Monday, April 19, 2010

Grading Obama One-Third Into His Term


Coming up on the end of the first third of President Obama's term, we can begin to assess the success or failure of his administration.

  • Economy: D Minus
    The stimulus package has helped General Motors and Chrysler avoid collapse, but it merely shifted the burden to taxpayers and creditors. Meanwhile, financial institutions have taken the stimulus funds without necessarily turning on the credit spigot, consequently the housing market has remained severely damaged and businesses find loans for operations difficult to obtain leading to a continuation of high unemployment. [chart from Google]
  • Health Care: D
    While forcing through a partisan "re-form" of the health care system, the Obama administration has alienated a significant portion of the population, threatened the careers of Democratic Party members of Congress, set up the nation for massive deficits related to health care [the CBO allows $500 billion of savings from diverting funds from Medicare and is based on 10 years of revenue to the government versus 6 years of health care coverage... check the chart closely], potentially driven many doctors to consider early retirement, and may well have created disincentives for those considering a medical career. Meanwhile, the idea that more Americans will be covered by health insurance may be more numbers juggling than reality as businesses react to the burdens of providing health care under the new law. [chart source]
  • Military Operations: C
    Contrary to President Obama's initial optimism that the U.S. could simply leave the Middle East and talk ourselves into a lasting peace, U.S. troops will remain beyond his campaign timeline in Iraq while a new quagmire is developing in Afghanistan and Pakistan. Meanwhile, politically correct dictates from the Administration now place the troops in a damned if you shoot when you shouldn't [even if you couldn't know you shouldn't] or damned if you don't and are killed. [picture from CNN]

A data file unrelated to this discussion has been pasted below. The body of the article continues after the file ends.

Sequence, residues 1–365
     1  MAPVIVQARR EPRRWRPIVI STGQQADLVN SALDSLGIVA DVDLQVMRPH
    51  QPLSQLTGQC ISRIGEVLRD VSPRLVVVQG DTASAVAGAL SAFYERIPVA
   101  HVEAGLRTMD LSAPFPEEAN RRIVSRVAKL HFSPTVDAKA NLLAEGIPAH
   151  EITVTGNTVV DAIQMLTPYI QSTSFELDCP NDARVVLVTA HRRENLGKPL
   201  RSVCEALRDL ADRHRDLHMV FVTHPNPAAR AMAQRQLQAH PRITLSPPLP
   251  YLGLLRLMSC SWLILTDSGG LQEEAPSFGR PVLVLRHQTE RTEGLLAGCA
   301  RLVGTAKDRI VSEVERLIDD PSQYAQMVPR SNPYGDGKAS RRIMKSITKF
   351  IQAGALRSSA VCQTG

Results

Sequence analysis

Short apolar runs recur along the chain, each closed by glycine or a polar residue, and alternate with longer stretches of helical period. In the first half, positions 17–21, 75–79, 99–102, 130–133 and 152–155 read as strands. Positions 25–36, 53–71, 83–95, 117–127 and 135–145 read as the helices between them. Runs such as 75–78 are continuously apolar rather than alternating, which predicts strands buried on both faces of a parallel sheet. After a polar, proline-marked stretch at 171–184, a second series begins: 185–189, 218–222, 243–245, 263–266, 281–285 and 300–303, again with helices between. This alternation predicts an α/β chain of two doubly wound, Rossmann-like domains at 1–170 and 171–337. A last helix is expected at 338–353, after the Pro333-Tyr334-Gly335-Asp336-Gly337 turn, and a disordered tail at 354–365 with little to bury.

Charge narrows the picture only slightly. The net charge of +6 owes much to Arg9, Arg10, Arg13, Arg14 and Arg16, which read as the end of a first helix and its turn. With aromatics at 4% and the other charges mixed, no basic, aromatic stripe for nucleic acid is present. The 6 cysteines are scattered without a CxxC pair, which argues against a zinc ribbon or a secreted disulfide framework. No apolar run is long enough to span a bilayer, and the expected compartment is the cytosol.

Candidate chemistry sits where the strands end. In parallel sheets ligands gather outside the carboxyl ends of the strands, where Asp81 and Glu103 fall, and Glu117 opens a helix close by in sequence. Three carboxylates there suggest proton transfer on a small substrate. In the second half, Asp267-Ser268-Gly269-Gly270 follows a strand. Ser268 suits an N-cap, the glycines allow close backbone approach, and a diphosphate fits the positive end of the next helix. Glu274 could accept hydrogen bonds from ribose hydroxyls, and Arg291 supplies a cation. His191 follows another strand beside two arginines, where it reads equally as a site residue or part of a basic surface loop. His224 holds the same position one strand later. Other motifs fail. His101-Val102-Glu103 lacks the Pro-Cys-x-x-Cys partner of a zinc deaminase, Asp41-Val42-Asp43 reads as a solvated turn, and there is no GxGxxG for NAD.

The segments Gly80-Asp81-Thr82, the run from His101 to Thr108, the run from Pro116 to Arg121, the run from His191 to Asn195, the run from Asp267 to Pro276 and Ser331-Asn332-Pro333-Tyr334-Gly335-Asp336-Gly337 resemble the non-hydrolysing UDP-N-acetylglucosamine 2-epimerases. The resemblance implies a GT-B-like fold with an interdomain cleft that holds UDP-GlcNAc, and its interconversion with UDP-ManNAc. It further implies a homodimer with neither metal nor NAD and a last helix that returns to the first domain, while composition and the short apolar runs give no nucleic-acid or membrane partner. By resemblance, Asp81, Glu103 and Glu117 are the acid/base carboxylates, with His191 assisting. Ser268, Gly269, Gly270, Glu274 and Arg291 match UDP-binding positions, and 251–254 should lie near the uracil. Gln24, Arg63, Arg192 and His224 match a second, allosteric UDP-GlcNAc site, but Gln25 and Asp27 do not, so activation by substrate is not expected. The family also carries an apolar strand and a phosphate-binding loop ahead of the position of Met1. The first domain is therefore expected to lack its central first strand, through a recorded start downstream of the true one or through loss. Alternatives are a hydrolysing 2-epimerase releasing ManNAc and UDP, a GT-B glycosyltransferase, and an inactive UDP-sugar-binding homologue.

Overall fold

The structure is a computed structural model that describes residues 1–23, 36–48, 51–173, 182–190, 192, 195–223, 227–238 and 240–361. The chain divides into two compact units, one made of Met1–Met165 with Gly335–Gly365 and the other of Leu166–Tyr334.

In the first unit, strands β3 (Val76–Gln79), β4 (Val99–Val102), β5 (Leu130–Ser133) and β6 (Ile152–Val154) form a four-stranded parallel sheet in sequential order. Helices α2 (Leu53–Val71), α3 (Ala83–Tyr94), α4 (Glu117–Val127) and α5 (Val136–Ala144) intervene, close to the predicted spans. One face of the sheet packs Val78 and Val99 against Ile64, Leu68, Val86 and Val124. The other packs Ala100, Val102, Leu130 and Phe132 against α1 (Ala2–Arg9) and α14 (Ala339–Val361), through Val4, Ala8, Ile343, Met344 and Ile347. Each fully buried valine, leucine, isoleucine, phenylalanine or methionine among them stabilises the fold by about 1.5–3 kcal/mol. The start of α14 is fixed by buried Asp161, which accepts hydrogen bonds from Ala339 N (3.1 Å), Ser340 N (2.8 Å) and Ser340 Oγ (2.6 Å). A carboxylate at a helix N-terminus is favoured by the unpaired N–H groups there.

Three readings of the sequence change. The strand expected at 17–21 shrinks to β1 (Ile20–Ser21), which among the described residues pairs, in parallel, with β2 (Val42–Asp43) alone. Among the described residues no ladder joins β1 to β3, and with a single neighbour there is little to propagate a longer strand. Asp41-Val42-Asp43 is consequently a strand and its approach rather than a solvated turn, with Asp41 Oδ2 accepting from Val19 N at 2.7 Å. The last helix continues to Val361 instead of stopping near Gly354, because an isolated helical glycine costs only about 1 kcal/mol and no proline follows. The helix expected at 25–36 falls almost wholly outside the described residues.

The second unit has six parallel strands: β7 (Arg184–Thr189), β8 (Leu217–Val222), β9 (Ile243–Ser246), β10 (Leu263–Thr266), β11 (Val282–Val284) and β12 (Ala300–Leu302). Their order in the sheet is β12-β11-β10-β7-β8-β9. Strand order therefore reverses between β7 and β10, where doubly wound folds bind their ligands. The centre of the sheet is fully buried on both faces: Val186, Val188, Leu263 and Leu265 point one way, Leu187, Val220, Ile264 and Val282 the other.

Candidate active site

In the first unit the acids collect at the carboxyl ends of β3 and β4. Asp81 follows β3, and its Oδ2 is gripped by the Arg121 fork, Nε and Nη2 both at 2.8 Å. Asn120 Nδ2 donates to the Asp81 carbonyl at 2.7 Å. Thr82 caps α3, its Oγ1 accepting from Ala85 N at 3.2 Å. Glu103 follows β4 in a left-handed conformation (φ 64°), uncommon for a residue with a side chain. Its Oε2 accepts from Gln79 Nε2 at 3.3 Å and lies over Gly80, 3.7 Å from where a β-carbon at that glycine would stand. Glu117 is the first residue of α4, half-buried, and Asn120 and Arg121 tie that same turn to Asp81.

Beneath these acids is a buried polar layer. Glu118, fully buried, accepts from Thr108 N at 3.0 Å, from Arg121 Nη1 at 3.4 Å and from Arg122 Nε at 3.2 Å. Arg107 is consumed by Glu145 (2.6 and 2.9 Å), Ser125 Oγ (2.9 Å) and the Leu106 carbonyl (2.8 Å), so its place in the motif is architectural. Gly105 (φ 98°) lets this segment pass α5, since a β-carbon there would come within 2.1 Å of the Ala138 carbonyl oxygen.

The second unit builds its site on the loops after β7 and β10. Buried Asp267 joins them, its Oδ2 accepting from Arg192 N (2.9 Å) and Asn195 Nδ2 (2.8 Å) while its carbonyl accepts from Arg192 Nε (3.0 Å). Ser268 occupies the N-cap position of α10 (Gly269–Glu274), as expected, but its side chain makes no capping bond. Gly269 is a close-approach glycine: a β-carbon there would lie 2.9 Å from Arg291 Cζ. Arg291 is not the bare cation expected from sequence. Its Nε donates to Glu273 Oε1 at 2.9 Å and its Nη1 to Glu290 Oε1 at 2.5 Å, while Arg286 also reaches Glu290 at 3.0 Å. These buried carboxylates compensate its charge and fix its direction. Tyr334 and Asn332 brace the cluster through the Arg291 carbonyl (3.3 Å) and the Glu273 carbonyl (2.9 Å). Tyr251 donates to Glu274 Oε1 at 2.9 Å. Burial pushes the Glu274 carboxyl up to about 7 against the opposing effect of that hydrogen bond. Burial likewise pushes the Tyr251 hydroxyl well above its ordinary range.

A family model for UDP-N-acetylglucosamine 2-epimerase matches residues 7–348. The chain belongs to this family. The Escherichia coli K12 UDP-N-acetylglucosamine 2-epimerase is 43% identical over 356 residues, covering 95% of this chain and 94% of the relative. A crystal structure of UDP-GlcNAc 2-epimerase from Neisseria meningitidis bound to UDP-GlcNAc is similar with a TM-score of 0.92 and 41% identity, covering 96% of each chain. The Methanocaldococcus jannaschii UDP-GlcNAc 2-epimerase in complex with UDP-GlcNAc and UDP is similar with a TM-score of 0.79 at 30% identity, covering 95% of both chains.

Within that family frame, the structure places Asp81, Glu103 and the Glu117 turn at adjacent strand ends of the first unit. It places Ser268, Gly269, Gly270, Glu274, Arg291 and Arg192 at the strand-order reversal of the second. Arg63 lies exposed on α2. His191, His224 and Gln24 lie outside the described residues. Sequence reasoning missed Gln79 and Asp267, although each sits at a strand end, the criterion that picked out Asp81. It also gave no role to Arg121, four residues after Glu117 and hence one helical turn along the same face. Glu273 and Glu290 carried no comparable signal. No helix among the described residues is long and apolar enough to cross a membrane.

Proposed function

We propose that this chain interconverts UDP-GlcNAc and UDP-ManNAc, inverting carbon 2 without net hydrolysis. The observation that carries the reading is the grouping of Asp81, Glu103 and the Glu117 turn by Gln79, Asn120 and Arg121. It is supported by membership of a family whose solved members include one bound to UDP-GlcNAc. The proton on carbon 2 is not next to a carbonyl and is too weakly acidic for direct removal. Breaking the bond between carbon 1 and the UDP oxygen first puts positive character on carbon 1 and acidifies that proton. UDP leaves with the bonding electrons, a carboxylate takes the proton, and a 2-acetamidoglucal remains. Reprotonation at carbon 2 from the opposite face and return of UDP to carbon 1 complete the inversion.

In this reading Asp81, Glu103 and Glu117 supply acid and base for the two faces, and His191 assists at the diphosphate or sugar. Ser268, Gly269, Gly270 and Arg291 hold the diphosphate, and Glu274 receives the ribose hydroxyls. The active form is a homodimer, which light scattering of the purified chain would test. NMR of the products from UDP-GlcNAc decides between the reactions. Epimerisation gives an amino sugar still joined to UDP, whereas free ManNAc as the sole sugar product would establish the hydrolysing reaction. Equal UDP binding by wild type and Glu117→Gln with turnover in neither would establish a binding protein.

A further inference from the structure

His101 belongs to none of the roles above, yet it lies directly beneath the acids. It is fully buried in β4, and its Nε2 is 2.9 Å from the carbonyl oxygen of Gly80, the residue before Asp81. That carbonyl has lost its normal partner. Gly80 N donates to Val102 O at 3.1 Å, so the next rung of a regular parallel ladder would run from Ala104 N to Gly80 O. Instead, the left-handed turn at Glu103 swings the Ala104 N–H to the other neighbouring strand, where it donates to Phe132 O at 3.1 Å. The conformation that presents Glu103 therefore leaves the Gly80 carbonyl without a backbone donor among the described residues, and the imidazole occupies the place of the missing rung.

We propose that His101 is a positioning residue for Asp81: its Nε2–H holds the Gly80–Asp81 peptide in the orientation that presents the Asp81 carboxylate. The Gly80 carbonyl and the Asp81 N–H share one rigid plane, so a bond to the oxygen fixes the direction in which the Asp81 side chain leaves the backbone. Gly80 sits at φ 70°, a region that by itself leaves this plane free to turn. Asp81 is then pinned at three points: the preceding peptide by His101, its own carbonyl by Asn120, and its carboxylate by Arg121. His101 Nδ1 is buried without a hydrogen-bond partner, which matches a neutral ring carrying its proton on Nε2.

• Nuclear Control: F
    While focusing on a new Strategic Arms Limitation Treaty [SALT] with Russia that is more token than significant, Iran continues to move forward toward nuclear weapons capability. Meanwhile, the Obama Administration determines the best it can do is offer up assurances that we will not use nuclear weapons against an aggressor if they do not have nuclear weapons which is supposed to be an incentive for Iran? to give up its efforts to become a nuclear power... at the same time that Secretary of Defense, William Gates, admits that the Obama Administration has no real strategy developed for coping with a nuclear Iran [its not like Iran developing those weapons is a big surprise]. [picture unknown source]
  • Energy: D
    While coming up with a resolution to consider offshore drilling for oil and natural gas [excluding some of the most promising offshore areas], the Obama Administration continue to focus on alternative energy and mandating smaller cars and trucks as its focus for becoming energy independent and "solving" a CO2 "problem" that is quickly being recognized as a non-existent problem. Meanwhile, moving forward on more new safe, dependable, and clean nuclear power plants has fallen into neglect as the Obama Administration continues to push nascent, inefficient, unreliable alternatives while concurrently trying to dismantle coal power which is the source of nearly half the nation's electricity. [chart from NY Times]
  • Immigration: D
    It is difficult to grade the Obama Administration on anything positive it has done to manage the massive influx of illegal aliens into this country because it has done nothing really. Meanwhile, states such as Arizona and Texas are beginning to address the issue of defending the borders which should be one of the Obama Administration's primary responsibilities according to the Constitution. [picture unknown source]
Overall: a good, solid D and working on a D Minus.

My wife considers this grade inflation.



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There is always an easy solution to every human problem—neat, plausible, and wrong.
Henry Louis Mencken (1880–1956)
“The Divine Afflatus,” A Mencken Chrestomathy, chapter 25, p. 443 (1949)
... and one could add "not all human problems really are."
It was beautiful and simple, as truly great swindles are.
- O. Henry
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Tracking Interest Rates

Tracking Interest Rates


SEARCH BLOG: FEDERAL RESERVE for full versions... or use the Blog Archive pulldown menu.

February 3, 2006
Go back to 1999-2000 and see what the Fed did. They are following the same pattern for 2005-06. If it ain't broke, the Fed will fix it... and good!